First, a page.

Growth hacking actually starts prior to product development. From the codes to the visuals and everything else that that makes the offering more appealing, the growth hacker will want to deal with it as early in the process as possible.
It all starts with identifying the primary goal such as “To get 100,000 clicks on a particular link within one week.”
Once you have the objectives, the next step is to measure.
Remember that measurement starts on day one. If you’re trying to attract new visitors, then measure how many are visiting on a daily basis and note any increase or decrease in visits.
At this stage, you may set secondary goals such as time-on-page to monitor how long visitors are staying on that page.
Use creative and traditional strategies to leverage user acquisition.
From white hat SEO to PPC, you need them all. Then use conversion rate optimisation (CRO) to move customers through the funnel faster. Customer service, social media, and content marketing can be used for referral and retention.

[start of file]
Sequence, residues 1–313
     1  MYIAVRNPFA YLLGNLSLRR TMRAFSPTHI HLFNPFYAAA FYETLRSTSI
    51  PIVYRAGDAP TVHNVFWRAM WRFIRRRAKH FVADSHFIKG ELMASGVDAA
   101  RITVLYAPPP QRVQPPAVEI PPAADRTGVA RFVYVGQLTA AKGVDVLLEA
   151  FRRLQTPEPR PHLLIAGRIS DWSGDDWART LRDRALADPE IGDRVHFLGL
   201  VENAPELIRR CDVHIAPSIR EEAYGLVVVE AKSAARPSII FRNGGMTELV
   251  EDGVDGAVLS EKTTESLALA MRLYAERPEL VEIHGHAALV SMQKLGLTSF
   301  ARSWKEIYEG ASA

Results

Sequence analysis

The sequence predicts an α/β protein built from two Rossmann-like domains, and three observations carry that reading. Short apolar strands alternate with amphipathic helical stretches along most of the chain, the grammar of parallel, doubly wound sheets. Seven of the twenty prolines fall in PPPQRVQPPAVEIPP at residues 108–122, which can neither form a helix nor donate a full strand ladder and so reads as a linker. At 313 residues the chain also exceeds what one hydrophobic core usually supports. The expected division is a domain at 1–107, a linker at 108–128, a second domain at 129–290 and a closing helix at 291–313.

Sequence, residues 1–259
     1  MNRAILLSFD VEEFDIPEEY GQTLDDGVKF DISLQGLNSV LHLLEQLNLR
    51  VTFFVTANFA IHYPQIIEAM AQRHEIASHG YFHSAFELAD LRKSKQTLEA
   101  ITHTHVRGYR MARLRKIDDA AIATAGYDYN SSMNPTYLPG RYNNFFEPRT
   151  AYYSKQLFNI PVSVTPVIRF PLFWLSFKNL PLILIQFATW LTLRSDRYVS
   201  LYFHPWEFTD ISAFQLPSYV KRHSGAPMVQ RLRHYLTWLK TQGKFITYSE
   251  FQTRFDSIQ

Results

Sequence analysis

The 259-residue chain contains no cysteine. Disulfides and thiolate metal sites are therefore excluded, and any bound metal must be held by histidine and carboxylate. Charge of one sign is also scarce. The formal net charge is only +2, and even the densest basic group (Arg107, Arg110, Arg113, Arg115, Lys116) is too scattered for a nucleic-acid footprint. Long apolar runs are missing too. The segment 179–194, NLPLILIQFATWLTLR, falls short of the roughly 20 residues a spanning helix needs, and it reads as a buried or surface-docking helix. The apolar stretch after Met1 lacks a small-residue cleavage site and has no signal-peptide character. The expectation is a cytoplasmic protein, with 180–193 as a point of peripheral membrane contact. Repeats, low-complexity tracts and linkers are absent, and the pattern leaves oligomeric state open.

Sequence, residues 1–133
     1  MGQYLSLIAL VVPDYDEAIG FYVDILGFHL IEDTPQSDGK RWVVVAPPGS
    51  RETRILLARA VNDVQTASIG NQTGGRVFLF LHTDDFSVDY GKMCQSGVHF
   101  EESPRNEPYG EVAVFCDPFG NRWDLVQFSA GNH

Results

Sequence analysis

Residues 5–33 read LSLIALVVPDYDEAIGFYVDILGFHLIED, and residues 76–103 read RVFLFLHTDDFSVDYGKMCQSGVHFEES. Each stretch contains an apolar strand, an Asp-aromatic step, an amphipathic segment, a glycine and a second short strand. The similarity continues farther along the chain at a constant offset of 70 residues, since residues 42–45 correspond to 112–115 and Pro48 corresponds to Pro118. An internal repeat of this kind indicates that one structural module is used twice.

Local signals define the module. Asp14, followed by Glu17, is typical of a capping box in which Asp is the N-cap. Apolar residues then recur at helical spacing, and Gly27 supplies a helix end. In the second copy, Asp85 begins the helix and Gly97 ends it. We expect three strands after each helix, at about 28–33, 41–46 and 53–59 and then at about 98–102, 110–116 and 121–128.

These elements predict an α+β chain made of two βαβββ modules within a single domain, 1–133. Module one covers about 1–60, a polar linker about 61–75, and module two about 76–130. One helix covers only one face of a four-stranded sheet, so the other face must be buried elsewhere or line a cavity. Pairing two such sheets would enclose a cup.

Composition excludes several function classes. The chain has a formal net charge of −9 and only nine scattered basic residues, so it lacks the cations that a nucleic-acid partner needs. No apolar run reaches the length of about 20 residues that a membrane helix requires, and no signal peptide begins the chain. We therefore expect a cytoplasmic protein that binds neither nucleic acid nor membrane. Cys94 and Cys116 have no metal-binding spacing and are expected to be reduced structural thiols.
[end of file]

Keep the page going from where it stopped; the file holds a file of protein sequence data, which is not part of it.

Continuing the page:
The next step is to identify what works and what doesn’t. Throw away what isn’t working; and concentrate 100% on what works.
In growth hacking, you don’t waste time on activities that don’t show promise.
If it’s been three months and SEO isn’t working for you, then you need to stop and redirect that effort elsewhere.
If your landing page has seen a 200% increase in visitors since you started, then you’re on the right track. Now what you need to do is to point most (NOT all) of your guns in that direction.
The last step is to experiment.
Whether you succeed or fail in your first attempt, you should know the importance of A/B testing. You can set up your landing page in three different ways and then put them out there to see how each performs.
Let the data pile up and analyse the winning variation pattern.
Every process begins with an action. The best goals are Specific, Measurable, Achievable, Realistic, and Time-Bound. Avoid goals that are too broad and difficult to measure.